Honestly, I went with Eizo mostly because the print guys at Mercedes-Benz use and recommend them. I don't know 1/10th of what they do about color theory, and the nitty gritty of LCD tech so I just trusted what they said. All I wanted from my monitor was to be able to match what the MB re-touching and pre-press guys were seeing when I was working from home. I haven't done a side by side comparison but the people who have and are really into it gush over Eizo above any of the NECs or HP color accurate ones so I figured an extra $1k above what the others cost wasn't too bad for peace of mind. Personally, what I love most about this LCD is that the color calibrator is built into the bezel and pops out on its own at a preset number of hours and calibrates itself. One thing that I lost by switching away from a Quadro was 10bit color output which this monitor does support.
 
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Patrick

Administrator
Staff member
Dec 21, 2010
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Would love to see the DIY server! Those are some fancy monitors. I am still using a HP ZR30w. It's at least somewhat close for STH purposes.
 

wyluliraven

Member
Nov 6, 2012
114
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Atlanta, GA
Fair answers renderfarmer! The color nerds at Mercedes-Benz no doubt have done all the research and evaluations. Not all graphic people even go so far to use color accurate monitors. It pains me when I see all these "graphic artists" or "modelers" who use a standard yet uncalibrated IPS panel, namely the OSX junkies.

Drooling in anticipation of your DIY server post!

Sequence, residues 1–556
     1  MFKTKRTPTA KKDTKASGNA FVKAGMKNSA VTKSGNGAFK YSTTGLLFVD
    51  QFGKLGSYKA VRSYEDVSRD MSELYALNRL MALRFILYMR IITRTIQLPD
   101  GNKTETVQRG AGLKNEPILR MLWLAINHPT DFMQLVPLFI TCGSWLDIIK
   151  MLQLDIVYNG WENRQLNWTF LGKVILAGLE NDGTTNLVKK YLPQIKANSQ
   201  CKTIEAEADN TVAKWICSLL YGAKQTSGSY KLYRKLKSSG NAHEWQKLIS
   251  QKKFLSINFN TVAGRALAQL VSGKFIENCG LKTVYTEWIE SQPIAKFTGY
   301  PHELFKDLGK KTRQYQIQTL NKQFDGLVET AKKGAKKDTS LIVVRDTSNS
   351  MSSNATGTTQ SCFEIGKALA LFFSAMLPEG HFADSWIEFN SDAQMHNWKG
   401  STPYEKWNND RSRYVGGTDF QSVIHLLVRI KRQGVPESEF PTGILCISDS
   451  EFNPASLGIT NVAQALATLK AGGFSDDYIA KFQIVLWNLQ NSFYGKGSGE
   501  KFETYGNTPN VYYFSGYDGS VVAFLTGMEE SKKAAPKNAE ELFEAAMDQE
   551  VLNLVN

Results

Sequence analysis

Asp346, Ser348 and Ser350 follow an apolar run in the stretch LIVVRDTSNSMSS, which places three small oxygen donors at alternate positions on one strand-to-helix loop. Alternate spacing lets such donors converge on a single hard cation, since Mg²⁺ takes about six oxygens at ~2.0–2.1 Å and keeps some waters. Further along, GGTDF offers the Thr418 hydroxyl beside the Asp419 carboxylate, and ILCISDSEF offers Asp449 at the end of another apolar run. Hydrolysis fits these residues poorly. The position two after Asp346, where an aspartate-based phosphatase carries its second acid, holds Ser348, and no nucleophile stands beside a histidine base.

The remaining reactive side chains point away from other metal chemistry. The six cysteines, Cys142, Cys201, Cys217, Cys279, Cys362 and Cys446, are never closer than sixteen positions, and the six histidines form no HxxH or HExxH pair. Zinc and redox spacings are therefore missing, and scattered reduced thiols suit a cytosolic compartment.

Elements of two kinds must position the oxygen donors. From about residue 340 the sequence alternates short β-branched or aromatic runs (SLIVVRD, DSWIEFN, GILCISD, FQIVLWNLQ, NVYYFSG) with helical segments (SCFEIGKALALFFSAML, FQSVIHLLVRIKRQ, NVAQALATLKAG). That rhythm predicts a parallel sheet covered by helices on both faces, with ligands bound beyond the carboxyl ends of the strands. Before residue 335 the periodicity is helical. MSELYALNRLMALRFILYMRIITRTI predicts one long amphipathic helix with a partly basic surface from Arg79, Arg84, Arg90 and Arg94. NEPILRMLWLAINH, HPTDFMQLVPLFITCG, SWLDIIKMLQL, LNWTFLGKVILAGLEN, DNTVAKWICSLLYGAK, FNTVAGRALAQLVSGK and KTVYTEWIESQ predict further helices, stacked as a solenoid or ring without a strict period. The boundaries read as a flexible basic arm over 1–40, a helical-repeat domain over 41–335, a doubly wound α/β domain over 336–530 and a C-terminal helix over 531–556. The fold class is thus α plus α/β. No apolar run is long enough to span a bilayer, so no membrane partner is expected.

rayt

New Member
Apr 18, 2013
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Wow Nice System there Renderfarm

question: Why did you choose core count over iGPU for rendering? Nvidea/AMD are really pushing CUDA/openCL cloud farms for deployments like yours.

My 1st post. Eventually I want to grow my system into a multiuser Video production farm. Hence my interest.
 

renderfarmer

Member
Feb 22, 2013
249
1
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New Jersey
Wow Nice System there Renderfarm

question: Why did you choose core count over iGPU for rendering? Nvidea/AMD are really pushing CUDA/openCL cloud farms for deployments like yours.

Thanks.

GPU rendering has come a long way but it still lags far behind CPU renderers in terms of feature set and overall quality.

Current GPU renderers are also severly limited by onboard VRAM - Tesla cards top out at 6GB/GPU. My interest is primarly in high-end animation and I have scenes that take up over 32GB of RAM even using sophisticated referencing, caching, and mipmapped textures. In that space, CPU renderers like PRman, Arnold, Vray, and Mental Ray are still king.

For motion graphics GPU rendering is probbaly much more feasible.

Let us know how your farm build goes.
 

rayt

New Member
Apr 18, 2013
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I respect your answer very much. I'm on the fence to as cuda rendering as I find the gtx670 is unstable and quality is variable. I have a quadro K4000 on order which *may be* more stable. And so, for now, I render only with cores. ( hence the e5-2687w build).

Yet, test reports like this one makes me question the best way forward. (its findings may not apply here)

NVIDIA GK110 vs. Dual Intel Xeon E5 2687W - Fight! | www.digicortex.net

My render farm is going to be a very long term project. The next step is to figure out the most stable way to virtualize (and max out ) the computational power I've got, and then strategically expand my system as the need grows.

Discussions like this really helps alot Thanks.